All respondents having the right to vote were traditionally asked an open question (i.e. without a list of political parties being used) investigating which party they would vote for if an election to the Chamber of Deputies took place the following week. The structure of the answers given is summarised in the table.

The question ‘Imagine that an election to the Chamber of Deputies is held next week.

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All respondents having the right to vote were traditionally asked an open question (i.e. without a list of political parties being used) investigating which party they would vote for if an election to the Chamber of Deputies took place the following week. The structure of the answers given is summarised in the table.

The question ‘Imagine that an election to the Chamber of Deputies is held next week.

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The respondents almost universally agree that they choose a certain party because they identify with its programme (91%), with the party ideology (89%) and because they place trust in the party leaders (88%). There is slightly less broad consensus about the importance of existing activities of the party (78%). Two fifths of supporters of political parties say that their preferences are influenced by the political orientation of their family.

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All respondents having the right to vote were traditionally asked an open question (i.e. without a list of political parties being used) investigating which party they would vote for if an election to the Chamber of Deputies took place the following week. The structure of the answers given is summarised in the table.

The question ‘Imagine that an election to the Chamber of Deputies is held next week.

Read more ...

All respondents having the right to vote were traditionally asked an open question (i.e. without a list of political parties being used) investigating which party they would vote for if an election to the Chamber of Deputies took place the following week. The structure of the answers given is summarised in the table.

The question ‘Imagine that an election to the Chamber of Deputies is held next week.

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The Public Opinion Research Centre was investigating the decision-making of the electorate throughout the ‘super election’ year 2002. With the benefit of hindsight, we would like to compare how voters made their decisions prior to the June election to the Chamber of Deputies and the autumn elections to the Senate and municipalities. At which stage of the election campaigns did voters decide whom to vote for? Do they decide in the last minute or do they know well in advance whom to support? In the event of elections to the Senate and municipalities, decisions on who will get my vote are made significantly later than in elections to the Chamber of Deputies.

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For the third time this year, we asked respondents to evaluate the performance of individual parties in the Chamber of Deputies. The best assessment is given to the CSSD (viewed positively by 55% of respondents), whereas the worst to the KSCM and the US-DEU (viewed positively by only 24% of respondents). Comparing the current results with the findings of the May survey, we can clearly see that there are fewer positive and concurrently more negative assessments of the US-DEU and the ODS.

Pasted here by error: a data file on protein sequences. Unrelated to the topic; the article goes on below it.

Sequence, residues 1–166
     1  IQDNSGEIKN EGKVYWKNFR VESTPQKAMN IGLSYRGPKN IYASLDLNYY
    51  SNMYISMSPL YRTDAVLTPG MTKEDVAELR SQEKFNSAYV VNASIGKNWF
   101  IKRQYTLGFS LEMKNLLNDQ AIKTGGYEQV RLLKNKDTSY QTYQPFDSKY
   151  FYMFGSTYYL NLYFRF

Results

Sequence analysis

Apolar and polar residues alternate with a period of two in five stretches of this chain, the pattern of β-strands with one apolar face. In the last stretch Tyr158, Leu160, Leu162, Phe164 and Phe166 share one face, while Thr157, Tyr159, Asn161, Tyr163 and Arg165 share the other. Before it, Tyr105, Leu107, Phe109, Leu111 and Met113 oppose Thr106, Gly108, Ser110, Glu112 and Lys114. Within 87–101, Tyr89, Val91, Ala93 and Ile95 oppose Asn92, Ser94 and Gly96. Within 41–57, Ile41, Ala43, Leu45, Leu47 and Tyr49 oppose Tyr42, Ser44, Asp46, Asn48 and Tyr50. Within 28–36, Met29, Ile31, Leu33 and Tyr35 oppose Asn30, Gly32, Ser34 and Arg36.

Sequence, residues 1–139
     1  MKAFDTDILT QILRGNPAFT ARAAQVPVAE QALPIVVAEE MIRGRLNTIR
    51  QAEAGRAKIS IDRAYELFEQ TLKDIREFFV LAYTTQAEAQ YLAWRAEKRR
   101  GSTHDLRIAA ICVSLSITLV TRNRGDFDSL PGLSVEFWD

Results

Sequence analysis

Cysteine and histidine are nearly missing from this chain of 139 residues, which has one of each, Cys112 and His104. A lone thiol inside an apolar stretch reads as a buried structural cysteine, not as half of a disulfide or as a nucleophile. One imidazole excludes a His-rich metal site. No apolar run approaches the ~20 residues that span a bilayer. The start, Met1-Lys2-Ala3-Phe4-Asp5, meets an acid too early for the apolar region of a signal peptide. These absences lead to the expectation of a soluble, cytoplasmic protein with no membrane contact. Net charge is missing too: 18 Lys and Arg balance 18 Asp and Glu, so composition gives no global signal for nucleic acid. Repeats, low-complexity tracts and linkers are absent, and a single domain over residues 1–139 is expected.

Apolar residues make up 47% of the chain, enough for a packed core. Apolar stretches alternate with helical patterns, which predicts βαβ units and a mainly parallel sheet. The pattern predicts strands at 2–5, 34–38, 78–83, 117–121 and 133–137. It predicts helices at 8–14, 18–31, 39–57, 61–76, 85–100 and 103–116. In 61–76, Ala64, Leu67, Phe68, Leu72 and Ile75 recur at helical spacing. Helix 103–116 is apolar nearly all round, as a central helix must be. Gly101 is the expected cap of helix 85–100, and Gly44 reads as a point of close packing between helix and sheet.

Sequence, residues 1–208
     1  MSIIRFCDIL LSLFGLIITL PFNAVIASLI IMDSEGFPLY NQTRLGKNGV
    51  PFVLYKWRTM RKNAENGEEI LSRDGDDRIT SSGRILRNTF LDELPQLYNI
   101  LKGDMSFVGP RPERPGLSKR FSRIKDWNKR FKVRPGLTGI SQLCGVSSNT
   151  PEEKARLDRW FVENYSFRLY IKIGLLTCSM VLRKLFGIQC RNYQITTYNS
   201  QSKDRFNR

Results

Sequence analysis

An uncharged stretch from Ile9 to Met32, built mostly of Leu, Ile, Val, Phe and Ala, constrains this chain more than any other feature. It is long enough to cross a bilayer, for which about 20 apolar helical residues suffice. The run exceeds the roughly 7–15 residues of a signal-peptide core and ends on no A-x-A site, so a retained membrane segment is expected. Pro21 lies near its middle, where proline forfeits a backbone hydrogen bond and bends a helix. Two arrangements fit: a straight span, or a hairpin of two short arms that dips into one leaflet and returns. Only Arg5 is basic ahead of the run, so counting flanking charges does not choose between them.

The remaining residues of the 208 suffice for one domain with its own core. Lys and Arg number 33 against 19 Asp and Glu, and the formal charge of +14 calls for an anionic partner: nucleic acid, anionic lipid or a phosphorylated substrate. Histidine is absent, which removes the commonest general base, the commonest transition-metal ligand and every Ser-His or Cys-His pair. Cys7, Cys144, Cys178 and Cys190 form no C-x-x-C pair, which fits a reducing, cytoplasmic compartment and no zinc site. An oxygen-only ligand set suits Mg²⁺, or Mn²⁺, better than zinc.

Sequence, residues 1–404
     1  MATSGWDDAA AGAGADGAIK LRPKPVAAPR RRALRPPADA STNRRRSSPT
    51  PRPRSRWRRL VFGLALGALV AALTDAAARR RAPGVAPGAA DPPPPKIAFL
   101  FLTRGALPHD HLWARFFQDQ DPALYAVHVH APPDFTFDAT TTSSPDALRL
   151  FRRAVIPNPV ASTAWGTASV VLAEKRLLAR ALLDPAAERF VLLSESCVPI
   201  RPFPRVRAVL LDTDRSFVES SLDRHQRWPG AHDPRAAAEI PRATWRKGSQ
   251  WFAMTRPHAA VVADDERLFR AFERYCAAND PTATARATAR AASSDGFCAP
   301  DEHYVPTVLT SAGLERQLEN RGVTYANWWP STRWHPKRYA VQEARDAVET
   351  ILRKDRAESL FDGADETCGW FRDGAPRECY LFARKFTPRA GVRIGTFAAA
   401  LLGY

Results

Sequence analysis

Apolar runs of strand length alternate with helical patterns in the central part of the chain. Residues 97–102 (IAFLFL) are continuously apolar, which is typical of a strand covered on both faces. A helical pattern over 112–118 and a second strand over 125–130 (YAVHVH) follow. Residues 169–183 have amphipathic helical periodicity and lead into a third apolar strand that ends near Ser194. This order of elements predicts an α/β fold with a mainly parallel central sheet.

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All respondents having the right to vote were traditionally asked an open question (i.e. without a list of political parties being used) investigating which party they would vote for if an election to the Chamber of Deputies took place the following week. The structure of the answers given is summarised in the table. The question ‘Imagine that an election to the Chamber of Deputies is held next week.

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The Czech population holds somewhat ambivalent opinions on elections and participation in them. Those polled almost universally agree that participation in elections is a personal matter (91%) and that the possibility to vote is a right that must be exercised (84%). Slightly less consensus exists as to the statements that voting is not a duty but is necessary for society (75%), and that participation in elections is a civic duty (71%).

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In October, 37% of those polled said they were satisfied with the current political situation in the Czech Republic (‘very satisfied’ – 2%, ‘quite satisfied’ – 35%), whereas 58% were dissatisfied (‘quite dissatisfied’ – 43% and ‘very dissatisfied’ – 15%) and 4% did not know. Since the June election to the Chamber of Deputies, no significant change has occurred in respect of the satisfaction with the political situation.

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